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Television & Film

Gregory Named Moderator of Meet the Press

By Mike Unger

David Gregory (Photo: Jeff Watts)

David Gregory (Photo: Jeff Watts)

If it’s Sunday, it’s Meet the Press—and now, that means David Gregory.

The 1992 American University graduate takes the reins of the nation’s most influential political talk show this Sunday, becoming only the 10th permanent moderator in the 61-year history of the program. He succeeds the legendary and beloved Tim Russert, who died of a heart attack earlier this year.

During the final five minutes of last Sunday’s broadcast, Gregory chatted with temporary moderator Tom Brokaw about his new position.

“This is an incredible honor,” Gregory said. “I’ve thought a lot about what it means to succeed somebody like Tim Russert. I’m not Tim, but along with this great team I can just work real hard to make him proud.”

Heading that team is the show’s executive producer, Betsy Fischer, who graduated cum laude from AU’s School of Public Affairs and earned an MA degree in broadcast journalism from the School of Communication. Brokaw went out of his way to praise her in his farewell remarks on Sunday.

“I hand this assignment off to you with one of the best staffs I’ve ever worked with, led by Betsy Fischer,” Brokaw said to Gregory.

Gregory has been on the fast track to journalism stardom ever since he arrived at AU from his hometown of Los Angeles. Although he majored in international relations, he also worked at the AU television station, reporting and anchoring the news, an experience he calls “formative.”

“The interesting thing was I immediately decided not to study journalism,” he said in a 2006 American magazine profile. “I had international interests, so I thought it would make more sense to study international affairs. But I was constantly thinking about how to get started in my [broadcasting] career. In fact, I spent too much time doing that. I remember sitting in my dorm room during the day calling people, trying to network.”

After graduating, Gregory returned to the southwest to work for a station in Albuquerque, New Mexico.

At the ripe old age of 24, Gregory joined NBC News in 1995, covering the O.J. Simpson trial for the network’s affiliates. Three years later he was shifted to Washington, D.C., to cover the Monica Lewinsky scandal, and after chronicling George W. Bush’s victorious 2000 presidential campaign, he was named White House correspondent at the age of 29.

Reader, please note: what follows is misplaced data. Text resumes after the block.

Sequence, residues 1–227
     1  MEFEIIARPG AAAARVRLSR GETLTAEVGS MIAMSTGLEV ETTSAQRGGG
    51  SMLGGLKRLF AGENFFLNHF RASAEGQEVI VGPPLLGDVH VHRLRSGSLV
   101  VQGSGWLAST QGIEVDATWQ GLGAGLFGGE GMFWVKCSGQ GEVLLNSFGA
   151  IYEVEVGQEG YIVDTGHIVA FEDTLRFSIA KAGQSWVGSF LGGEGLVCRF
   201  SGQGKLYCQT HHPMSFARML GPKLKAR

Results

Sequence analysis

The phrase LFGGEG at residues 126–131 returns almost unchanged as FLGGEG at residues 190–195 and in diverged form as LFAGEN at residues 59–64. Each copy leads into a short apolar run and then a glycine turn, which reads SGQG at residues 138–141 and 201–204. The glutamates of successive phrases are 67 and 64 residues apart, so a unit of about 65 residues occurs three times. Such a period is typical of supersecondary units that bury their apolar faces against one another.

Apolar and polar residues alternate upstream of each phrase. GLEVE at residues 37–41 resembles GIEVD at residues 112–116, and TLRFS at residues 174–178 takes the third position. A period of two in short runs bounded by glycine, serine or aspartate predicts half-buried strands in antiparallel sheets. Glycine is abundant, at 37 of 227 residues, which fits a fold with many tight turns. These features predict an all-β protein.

Phil Griffin, senior vice president for NBC News in 2006, was struck by Gregory’s passion and versatility and championed his rise to the top.

“Whatever David does, whether it’s work-wise or his interests in life, he gets totally involved,” Griffin said. “He enjoys it. He brings that quality to everything he does. Whether he’s at a White House press conference and he’s grilling the spokesman or he’s doing a cooking segment on the third hour of the Today show, he’s just into it and that comes across to the viewer. David puts himself out there, he brings his own curiosity to everything he does. If you’re going to be a reporter, you’ve got to be curious. Many reporters don’t want to seem silly or ask the wrong question, but David says, ‘Look, I’m just going to go for it.’ It’s impressive how he approaches his work. He’s what you want in a reporter.”

And in a moderator. There was much speculation over the course of the past several months in both the political and television worlds about who would take Russert’s seat at America’s most famous Sunday morning table, but eventually, Gregory got the gig.

“One of the strengths of the program is to be able to bring some of the very difficult issues of our time to people in a way they can understand it, they can digest it, and they can make it part of their own decision making and opinion making in their lives,” he said on Sunday. “I think the country is in such a difficult place right now. People are so engaged. This program, uniquely, can provide insights and answers and ask tough questions to explore the nature of leadership in Washington and the country and the world, and to hold leaders accountable. Tim always said to me, be respectful, but ask the tough questions and think of the smart follow-up, and hold them accountable, and if you’re fair you’ll be just fine in the end. That’s what this program represents to me.”